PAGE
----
As I’m sitting down after, listening to Deepika Padukone’s interview on NDTV, about her personal experience of depression, I’m moved to the point where tears are rolling down my eyes and I feel an immense sense of respect, admiration for her.
I look back at my life as a Psychologist, where clients chose to trust me with their deepest vulnerable selves, I realize how most of them have moved on to a better space, where they are more in charge, have dealt with past baggage and chosen to turn their vulnerabilities into their strength. The interview was a reminder of how some clients have said exactly the same words that Deepika narrated.
Sometimes depression or anxiety leads a silent life, within us. We choose not to acknowledge it, as we believe it as a phase that would pass. As the Psychologist Guy Winch says — We cannot just shake off the depression, it needs to be handled and managed. Most clients show immense resilience and inherent strength that comes to life as we begin to deal with the layers of depression in therapy. A client whom I worked with, a few years back, told me how depression was a blessing in disguise. It reminded her how there were ways to fight it and choose a life where one is more in touch with oneself.
I’m often asked how I can distance myself from all the pain and sadness that clients bring in to therapy. The answer is quite simple actually — my clients also bring a deeper sense of hope, resilience and an ability to fight back, which makes me admire the human spirit even in moments when they are fragile.
We all feel vulnerable, and awareness of this vulnerability is our strength. Our strength to heal, to find meaning in moments of despair, and most importantly, as Deepika did, bare one’s personal journey so as to heal many others.
Sometimes I feel there are so many stories of pain, struggle, hope and resilience buried deep within me.These are tales, that clients have trusted me with and they are sacred.I’m sure clients wonder,what do I do with them.They continue to live a silent life within me and no one has access to them.I remember,when I was in college,a friend of me would tell me how I love listening to stories.Somehow in psychotherapy, I do that.When people ask me, what do I do,I say, I listen.I create a facilitative environment where people can share and be themselves. It’s a privelege to be trusted.Sometimes,when clients walk in the room, with their pain,all I can see is the strong will power to recover and hope.I see courage that each client brings in,every time, they choose to share their deepest buried secret.I owe gratitude to them and that’s why I let the story lie deep within the recesses of my mind and soul.
There are moments,when I feel lost and what comes to my rescue is an idea,lines from a book and then the strength to move on.Some of us turn inward when faced with a crisis,or a depressing moment and then there are others who turn outwards to people,engaging with the community.Sometimes it is important to remember that Kafka,Rilke,Camus and Yalom have all the answers.I remember as child I used to be immersed in books and continued to seek solace in their company.Strangely,these books have moved in to my therapy sessions and some clients need an idea,that cognitively resonates with them and then emotionally liberates them.For some of us, a writer is more magical than a therapist,it transports us to the hidden terrains within our own self,that sometimes are layered with so much conditioning.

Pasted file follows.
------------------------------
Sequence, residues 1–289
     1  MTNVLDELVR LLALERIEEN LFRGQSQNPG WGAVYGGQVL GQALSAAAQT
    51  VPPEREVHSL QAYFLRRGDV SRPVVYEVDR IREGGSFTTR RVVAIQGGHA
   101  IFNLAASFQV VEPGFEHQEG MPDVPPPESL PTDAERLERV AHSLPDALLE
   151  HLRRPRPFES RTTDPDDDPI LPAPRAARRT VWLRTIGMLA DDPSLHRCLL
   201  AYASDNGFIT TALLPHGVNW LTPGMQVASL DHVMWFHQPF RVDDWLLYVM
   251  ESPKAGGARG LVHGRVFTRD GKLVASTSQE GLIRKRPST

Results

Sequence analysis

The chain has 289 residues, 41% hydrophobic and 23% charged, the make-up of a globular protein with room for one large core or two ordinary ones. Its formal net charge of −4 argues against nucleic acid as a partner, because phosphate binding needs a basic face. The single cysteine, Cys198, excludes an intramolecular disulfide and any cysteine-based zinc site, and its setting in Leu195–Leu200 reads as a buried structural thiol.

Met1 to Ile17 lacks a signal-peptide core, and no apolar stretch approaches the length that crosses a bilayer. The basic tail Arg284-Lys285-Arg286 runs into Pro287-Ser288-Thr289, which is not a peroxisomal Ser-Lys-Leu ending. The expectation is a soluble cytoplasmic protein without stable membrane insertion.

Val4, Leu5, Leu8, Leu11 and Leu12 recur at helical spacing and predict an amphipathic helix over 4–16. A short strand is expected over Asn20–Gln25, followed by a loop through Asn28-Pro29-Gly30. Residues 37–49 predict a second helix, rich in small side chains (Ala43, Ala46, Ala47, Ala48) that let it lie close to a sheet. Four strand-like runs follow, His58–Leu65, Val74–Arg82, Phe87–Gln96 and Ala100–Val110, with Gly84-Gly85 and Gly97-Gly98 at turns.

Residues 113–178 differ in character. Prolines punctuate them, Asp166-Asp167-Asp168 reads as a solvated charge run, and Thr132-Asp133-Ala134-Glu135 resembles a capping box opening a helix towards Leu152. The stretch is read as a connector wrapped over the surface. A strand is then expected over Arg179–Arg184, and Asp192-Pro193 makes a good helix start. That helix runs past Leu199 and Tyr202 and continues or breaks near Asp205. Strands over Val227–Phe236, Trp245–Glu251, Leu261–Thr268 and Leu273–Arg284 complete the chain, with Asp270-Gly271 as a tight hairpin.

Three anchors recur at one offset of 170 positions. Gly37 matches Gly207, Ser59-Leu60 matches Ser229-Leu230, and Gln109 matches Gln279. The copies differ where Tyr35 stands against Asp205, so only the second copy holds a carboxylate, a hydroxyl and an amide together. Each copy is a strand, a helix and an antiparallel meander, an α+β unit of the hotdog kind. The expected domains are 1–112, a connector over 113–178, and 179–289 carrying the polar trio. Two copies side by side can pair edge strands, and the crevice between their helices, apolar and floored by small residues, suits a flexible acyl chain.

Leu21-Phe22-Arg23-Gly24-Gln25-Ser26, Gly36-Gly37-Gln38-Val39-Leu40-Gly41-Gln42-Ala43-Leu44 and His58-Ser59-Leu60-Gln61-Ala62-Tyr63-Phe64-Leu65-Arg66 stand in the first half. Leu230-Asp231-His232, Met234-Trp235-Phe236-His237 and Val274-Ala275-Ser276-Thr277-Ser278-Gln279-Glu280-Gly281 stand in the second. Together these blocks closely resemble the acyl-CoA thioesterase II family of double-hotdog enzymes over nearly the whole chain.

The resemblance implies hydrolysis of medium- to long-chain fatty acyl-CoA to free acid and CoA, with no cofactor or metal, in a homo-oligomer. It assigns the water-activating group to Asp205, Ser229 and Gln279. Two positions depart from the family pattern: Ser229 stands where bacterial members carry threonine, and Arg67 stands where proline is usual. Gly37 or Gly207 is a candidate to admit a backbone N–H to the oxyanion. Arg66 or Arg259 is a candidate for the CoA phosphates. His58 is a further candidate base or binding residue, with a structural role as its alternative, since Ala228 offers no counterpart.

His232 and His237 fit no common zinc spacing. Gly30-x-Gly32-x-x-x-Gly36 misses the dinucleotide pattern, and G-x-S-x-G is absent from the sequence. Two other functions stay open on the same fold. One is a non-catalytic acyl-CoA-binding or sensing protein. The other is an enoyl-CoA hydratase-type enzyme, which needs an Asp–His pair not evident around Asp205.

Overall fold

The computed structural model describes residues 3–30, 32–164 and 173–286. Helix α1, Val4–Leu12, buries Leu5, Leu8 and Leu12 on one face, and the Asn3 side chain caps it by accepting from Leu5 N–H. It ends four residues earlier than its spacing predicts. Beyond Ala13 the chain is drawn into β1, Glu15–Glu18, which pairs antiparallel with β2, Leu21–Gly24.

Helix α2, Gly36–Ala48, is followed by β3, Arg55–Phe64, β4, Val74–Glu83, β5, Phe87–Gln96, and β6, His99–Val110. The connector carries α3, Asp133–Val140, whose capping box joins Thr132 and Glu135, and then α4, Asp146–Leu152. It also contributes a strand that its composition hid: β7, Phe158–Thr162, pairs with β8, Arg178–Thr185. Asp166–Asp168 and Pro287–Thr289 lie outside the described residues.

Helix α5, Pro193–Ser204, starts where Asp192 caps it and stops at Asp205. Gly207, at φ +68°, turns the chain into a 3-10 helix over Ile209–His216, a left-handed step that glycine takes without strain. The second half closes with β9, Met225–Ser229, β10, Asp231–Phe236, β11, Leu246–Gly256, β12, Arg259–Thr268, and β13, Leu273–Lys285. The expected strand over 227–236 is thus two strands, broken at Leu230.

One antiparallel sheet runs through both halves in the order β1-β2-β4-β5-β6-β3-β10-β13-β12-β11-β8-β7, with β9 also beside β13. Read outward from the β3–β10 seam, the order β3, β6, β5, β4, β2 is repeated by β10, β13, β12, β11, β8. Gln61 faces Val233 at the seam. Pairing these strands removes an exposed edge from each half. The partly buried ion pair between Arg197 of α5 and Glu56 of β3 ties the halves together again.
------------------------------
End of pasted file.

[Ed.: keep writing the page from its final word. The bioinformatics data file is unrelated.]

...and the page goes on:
Therapy can work best in environments where we choose to look at people beyond the labels of mental illness.
Books have always come into my life in strange ways, giving me answers I deeply seek.
I still remember there was a rare book, which I just found in an exhibition and no one knew who it belonged to. I waited for two days, finally took it home and the book changed me.
This book, “I Never Promised You a Rose Garden” gave me answers to some of my existential anxiety that came in with the thought of becoming a therapist. Over the years I have learnt that when a client walks into the room, you never know the way forward.
As a therapist I begin with faith and most clients beautifully create their own rose garden, equally accepting the thorns that come with it.
Therapy is constantly a story of human will and strength.
P.S. In case you were interested, the book is now easily available online
This one time, a few relatives came over to visit. After the greetings and formalities, the dreaded question arose – “So what are you doing these days?” It can often get difficult communicating what I really do as a therapist, and why does the world need more of our kind (read narcissism).
As I begin my long and oft-repeated job description, my uncle interrupts – “The girl is in to ‘Therapy Sherapy’”, to which everyone looked at me and while nodding approvingly. “Oh, good work, good work”, one said.
I look at my husband and say “Therapy Sherapy?!?” The term almost has a lightness attached to it and a desi-ness that intrigues me.
A profession that’s all about complexity of human mind, human potential and layered with intricate emotions becomes Therapy Sherapy.
I call this – Indianization of my professional avatar.
Sonali Gupta, a Therapist Sherapist.